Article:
“No. 1 on our to-do list is to do the things that we can. And No. 2 is to drive home how the Republicans are blocking us in critical areas from doing the things that this nation desperately needs on abortion, guns, voting rights,” Warren said. “We need to hammer the Republicans relentlessly on what they won’t do.”
Still, Sanders isn’t exactly Berning it all down. He’s not calling for a primary challenge to Biden or weighing in on whether the president should run for reelection. But he is trying to enlist the president in his effort to nationalize the Senate and House races.
Biden has already embraced some of Sanders’ arguments. The president asked Americans alarmed by mass shootings to “turn your outrage into making this issue central to your vote,” advised voters to “elect more pro-choice senators” in May, noted in January that “48 of the 50 Democrats vote with me on everything” and said Democrats could come back with larger majorities next year to pass “Build Back Better.”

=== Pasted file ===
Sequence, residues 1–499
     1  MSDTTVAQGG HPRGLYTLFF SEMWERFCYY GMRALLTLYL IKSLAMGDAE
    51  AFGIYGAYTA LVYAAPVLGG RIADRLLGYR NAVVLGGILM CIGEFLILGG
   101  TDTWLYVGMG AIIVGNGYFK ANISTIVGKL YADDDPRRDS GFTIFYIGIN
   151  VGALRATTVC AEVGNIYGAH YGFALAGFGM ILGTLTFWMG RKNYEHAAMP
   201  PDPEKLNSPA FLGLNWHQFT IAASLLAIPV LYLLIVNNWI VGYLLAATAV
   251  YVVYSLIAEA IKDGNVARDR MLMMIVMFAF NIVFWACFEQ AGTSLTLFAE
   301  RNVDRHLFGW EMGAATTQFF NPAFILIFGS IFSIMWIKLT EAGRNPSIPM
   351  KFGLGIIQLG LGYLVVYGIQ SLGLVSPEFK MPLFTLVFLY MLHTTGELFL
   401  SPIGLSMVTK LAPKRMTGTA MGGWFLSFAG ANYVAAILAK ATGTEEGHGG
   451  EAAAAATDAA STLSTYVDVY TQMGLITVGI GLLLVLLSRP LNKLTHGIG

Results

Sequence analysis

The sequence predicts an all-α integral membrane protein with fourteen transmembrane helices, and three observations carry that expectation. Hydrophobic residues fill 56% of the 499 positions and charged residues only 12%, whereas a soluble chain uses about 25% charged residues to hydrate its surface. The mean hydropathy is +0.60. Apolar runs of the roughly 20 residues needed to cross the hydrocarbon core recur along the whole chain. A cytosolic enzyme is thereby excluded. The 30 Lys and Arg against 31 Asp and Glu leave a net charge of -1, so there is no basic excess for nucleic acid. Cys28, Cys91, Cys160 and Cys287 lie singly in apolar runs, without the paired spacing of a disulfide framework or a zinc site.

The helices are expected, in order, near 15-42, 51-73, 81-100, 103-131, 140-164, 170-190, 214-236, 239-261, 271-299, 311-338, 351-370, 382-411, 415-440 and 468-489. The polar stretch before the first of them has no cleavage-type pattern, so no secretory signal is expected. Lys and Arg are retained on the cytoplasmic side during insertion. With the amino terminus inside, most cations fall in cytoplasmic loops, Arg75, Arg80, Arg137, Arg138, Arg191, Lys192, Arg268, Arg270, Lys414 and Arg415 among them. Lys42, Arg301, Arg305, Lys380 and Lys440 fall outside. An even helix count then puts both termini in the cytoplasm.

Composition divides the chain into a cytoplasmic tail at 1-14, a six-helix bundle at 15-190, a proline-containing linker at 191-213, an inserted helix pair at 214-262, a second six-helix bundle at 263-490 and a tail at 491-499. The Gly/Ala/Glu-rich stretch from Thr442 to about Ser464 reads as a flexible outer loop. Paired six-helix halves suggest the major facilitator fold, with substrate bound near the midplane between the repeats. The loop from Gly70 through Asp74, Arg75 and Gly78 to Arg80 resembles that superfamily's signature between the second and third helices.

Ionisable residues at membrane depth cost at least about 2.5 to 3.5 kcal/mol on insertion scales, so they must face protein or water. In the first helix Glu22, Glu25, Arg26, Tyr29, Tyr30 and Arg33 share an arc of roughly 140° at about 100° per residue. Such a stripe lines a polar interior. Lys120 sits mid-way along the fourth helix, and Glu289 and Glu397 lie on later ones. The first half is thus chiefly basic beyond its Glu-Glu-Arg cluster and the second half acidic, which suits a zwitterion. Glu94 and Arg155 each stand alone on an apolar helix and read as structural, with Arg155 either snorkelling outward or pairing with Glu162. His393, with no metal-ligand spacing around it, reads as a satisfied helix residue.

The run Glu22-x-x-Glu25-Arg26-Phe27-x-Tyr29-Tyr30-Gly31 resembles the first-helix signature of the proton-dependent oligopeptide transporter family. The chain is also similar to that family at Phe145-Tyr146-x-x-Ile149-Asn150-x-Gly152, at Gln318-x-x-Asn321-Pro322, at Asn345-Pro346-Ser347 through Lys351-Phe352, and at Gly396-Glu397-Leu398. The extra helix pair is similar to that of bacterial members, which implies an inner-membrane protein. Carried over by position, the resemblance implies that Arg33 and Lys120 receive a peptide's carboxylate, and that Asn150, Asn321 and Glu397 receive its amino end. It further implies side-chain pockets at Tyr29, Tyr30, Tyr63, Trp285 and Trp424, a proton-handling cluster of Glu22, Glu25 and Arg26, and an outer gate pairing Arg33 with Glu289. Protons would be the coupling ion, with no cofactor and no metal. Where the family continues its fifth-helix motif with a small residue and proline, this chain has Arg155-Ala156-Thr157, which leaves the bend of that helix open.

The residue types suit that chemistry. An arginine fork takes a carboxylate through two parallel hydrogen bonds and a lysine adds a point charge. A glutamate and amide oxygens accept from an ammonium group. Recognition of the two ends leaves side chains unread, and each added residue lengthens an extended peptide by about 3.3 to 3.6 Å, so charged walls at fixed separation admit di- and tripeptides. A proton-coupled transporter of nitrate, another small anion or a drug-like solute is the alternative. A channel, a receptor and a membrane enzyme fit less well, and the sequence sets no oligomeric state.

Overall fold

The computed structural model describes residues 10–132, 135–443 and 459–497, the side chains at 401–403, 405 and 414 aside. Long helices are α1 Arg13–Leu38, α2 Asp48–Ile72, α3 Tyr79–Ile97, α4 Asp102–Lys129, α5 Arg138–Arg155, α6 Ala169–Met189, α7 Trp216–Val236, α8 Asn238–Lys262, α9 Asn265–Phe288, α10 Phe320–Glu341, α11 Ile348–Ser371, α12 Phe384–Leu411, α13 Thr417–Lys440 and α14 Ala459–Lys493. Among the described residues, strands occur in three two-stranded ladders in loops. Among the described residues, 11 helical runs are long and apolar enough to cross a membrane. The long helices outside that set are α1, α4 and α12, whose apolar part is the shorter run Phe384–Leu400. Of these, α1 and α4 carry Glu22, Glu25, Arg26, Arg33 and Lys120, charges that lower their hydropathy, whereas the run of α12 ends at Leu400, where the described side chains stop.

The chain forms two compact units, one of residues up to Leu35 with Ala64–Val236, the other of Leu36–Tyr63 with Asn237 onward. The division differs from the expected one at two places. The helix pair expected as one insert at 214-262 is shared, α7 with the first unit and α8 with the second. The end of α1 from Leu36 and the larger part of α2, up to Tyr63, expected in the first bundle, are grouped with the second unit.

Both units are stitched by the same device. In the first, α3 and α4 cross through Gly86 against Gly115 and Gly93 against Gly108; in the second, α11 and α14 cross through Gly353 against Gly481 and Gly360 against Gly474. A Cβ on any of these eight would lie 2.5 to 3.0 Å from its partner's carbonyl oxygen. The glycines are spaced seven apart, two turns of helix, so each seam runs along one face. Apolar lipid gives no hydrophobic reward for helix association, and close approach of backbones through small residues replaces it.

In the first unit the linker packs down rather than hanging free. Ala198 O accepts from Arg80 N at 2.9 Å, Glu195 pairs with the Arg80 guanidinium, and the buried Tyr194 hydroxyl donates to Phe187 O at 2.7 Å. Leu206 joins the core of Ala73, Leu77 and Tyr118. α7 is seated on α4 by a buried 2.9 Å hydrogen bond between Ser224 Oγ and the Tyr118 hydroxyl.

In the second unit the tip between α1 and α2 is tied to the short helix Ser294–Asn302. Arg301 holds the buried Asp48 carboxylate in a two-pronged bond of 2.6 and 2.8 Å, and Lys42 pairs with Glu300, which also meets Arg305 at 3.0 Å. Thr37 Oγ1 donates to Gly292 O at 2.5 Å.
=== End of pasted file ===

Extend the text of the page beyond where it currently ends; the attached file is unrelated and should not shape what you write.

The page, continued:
Sanders wants an even more sustained focus from Biden, advising him to say “I want to raise the minimum wage, I want to deal with Medicare, I want to deal with housing, I want to deal with climate, I can’t do it. I need more votes.” Sanders also is leaning on Biden to do as much as he can through executive action on those issues.
...Without his prescribed pivot, Sanders fears the worst for the Democratic Party, in which he twice sought the presidential nomination. He said “the enthusiasm level within the Democratic base is extremely low. And it’s not only working class support that is fading away.”
Young, Hispanic, Asian-American and Black voters are all drifting away from Democrats, he warned: “Unless we turn around, the voter turnout is going to be very, very low on the Democratic base.”
Just as it was in CA-09 on Tuesday.